Debunking myths on genetics and DNA

Monday, December 12, 2011

Remember back when...

I generate most of my figures in R. What do you guys use? I suppose it changes from field to field. However, no matter what your field is, there comes a time when you have to use Adobe Illustrator to beautify your figures and get them paper-ready.

I have a love/hate relationship with AI.

I love it because it lets me do so many things.
I hate it because it won't let me do so many things.

So, the other day I was having one of my AI fits when everything around me got blurry, a heavy fog lifted in my office, and I was propelled back to many, ahem, some years back when I was in elementary school and my dad was preparing his paper figures...

Okay, the blurring and the fog I added for special effects, but going back to my dad: he is a developmental biologist, and back in the days when Apples only came in black screens with fixed menus in a green font, my dad would start by developing his pictures in the camera obscura. He would then trim the pictures and mount them on paper board -- one board for each figure, and each figure had different panels.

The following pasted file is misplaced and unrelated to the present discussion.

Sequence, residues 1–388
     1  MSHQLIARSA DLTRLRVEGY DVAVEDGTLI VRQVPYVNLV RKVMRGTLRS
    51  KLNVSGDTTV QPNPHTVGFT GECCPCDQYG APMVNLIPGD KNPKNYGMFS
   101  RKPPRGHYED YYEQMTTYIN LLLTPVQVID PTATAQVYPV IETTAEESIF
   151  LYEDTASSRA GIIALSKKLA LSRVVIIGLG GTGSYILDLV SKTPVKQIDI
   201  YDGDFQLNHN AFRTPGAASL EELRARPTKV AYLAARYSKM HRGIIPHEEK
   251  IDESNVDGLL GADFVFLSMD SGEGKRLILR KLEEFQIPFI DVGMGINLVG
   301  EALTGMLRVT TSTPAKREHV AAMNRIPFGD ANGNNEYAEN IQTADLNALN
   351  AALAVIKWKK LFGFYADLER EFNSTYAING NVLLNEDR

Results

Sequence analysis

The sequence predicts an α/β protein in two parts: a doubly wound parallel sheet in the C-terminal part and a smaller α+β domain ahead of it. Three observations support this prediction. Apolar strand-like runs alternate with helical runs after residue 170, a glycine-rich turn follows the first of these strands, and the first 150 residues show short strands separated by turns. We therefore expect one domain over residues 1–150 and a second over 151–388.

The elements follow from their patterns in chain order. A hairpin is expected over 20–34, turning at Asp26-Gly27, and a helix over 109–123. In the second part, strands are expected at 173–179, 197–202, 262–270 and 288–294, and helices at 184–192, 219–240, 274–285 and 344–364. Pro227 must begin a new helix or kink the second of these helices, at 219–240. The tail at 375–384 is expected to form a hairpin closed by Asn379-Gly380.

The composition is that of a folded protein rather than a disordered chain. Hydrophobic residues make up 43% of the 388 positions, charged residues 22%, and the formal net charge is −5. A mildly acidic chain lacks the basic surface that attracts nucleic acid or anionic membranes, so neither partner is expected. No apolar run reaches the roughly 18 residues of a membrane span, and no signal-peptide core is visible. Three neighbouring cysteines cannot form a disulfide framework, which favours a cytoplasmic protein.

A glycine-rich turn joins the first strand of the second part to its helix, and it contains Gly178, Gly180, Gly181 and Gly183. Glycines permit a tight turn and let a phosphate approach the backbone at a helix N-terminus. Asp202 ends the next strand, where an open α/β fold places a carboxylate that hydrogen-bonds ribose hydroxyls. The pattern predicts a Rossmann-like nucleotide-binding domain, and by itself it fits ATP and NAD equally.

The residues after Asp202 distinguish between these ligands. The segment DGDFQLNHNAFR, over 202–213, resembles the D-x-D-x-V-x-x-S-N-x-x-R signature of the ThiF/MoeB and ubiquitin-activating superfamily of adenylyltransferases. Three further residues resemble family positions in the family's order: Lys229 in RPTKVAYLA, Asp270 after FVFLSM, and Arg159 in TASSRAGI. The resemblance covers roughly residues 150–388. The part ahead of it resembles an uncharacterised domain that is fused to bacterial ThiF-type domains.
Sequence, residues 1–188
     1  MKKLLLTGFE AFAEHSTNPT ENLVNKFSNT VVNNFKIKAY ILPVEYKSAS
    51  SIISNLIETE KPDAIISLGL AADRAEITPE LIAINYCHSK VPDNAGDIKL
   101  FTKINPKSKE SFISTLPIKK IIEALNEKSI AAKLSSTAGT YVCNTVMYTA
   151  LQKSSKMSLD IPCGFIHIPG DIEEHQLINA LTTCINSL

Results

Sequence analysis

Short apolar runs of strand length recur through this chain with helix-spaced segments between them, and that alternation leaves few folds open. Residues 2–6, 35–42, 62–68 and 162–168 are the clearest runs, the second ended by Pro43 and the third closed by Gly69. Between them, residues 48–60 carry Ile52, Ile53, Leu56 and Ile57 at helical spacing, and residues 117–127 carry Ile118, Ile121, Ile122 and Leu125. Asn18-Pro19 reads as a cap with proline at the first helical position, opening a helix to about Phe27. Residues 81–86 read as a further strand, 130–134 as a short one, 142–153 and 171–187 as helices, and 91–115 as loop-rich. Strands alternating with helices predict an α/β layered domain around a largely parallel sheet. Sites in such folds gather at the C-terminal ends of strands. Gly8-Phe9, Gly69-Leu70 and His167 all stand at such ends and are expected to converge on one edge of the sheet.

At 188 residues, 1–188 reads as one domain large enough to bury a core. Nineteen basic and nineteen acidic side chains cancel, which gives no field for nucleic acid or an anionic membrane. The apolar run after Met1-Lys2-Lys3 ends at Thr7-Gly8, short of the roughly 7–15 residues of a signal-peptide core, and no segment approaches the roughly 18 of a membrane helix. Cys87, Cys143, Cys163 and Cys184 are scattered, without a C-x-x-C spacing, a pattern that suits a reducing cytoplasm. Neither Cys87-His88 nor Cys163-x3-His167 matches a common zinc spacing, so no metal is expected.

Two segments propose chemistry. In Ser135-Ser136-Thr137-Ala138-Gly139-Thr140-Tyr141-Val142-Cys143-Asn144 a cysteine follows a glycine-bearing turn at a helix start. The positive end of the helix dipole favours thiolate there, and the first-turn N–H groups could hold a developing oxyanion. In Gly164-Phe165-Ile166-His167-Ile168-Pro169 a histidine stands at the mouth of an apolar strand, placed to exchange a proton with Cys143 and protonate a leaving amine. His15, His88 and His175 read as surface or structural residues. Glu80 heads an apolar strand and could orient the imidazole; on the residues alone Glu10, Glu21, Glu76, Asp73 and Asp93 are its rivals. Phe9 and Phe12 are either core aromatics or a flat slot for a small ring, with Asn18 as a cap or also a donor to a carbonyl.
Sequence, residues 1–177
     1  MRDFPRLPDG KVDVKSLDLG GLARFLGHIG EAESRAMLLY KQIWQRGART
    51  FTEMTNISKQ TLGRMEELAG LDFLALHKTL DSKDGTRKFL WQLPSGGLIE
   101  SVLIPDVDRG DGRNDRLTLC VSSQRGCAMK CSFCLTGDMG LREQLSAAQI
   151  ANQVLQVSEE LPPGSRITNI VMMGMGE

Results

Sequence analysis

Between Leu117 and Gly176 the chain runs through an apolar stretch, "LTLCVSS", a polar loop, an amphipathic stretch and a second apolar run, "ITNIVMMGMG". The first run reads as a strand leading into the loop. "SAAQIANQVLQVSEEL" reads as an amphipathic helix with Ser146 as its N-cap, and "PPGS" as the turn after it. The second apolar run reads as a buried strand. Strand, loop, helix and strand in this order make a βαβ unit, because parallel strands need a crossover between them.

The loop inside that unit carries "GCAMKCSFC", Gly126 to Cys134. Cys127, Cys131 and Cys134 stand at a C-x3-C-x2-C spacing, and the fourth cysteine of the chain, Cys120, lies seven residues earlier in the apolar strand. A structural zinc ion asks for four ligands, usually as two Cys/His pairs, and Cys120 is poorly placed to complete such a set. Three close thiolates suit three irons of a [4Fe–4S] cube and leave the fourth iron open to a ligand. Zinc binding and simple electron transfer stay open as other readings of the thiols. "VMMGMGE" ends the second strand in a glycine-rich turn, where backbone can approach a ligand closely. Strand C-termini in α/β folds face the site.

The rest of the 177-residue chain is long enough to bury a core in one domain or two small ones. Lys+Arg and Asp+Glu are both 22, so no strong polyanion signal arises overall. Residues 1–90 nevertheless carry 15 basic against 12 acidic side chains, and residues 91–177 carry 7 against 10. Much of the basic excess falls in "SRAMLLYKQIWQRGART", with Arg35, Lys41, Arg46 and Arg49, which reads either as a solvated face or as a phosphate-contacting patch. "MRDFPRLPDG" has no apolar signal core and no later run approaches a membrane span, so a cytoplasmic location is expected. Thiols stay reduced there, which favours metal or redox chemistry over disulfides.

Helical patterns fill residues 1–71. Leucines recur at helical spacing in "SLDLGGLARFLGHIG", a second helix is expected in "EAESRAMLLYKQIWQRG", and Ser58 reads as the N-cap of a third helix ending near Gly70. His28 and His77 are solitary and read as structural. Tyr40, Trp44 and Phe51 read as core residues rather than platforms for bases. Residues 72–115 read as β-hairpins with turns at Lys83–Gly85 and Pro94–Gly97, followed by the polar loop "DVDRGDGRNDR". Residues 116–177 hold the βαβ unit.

Now, for the labeling, this is what he'd use:

Remember those? I loved them when I was a kid! We'd get comic books where you could add your characters to a scene -- it was fun! But those tiny letters my dad would use to label his photos -- man, they were a pain in the ***! And the letters were a piece of cake compared to the thin lines and geometrical shapes he'd use for the graphs. You'd have to press very delicately. If you pressed too hard you'd ruin the photo, or the lines would break, and you'd have to start over. If you'd press too lightly they'd come off and you'd find them all over your hand, the lines especially, sticking out like misplaced hairs.


So, on second thoughts... I love AI. I really, really love AI.


  1. lol--I never had to do things quite that by hand but I remember the pain of trying to get images included in a scripted word processor (like LaTex but IBM specific) from a shared server.
    The good old days never really were good for documents.

  2. Interesting... Talking about Latex, I've been a much happier person after the release of TexShop!!!


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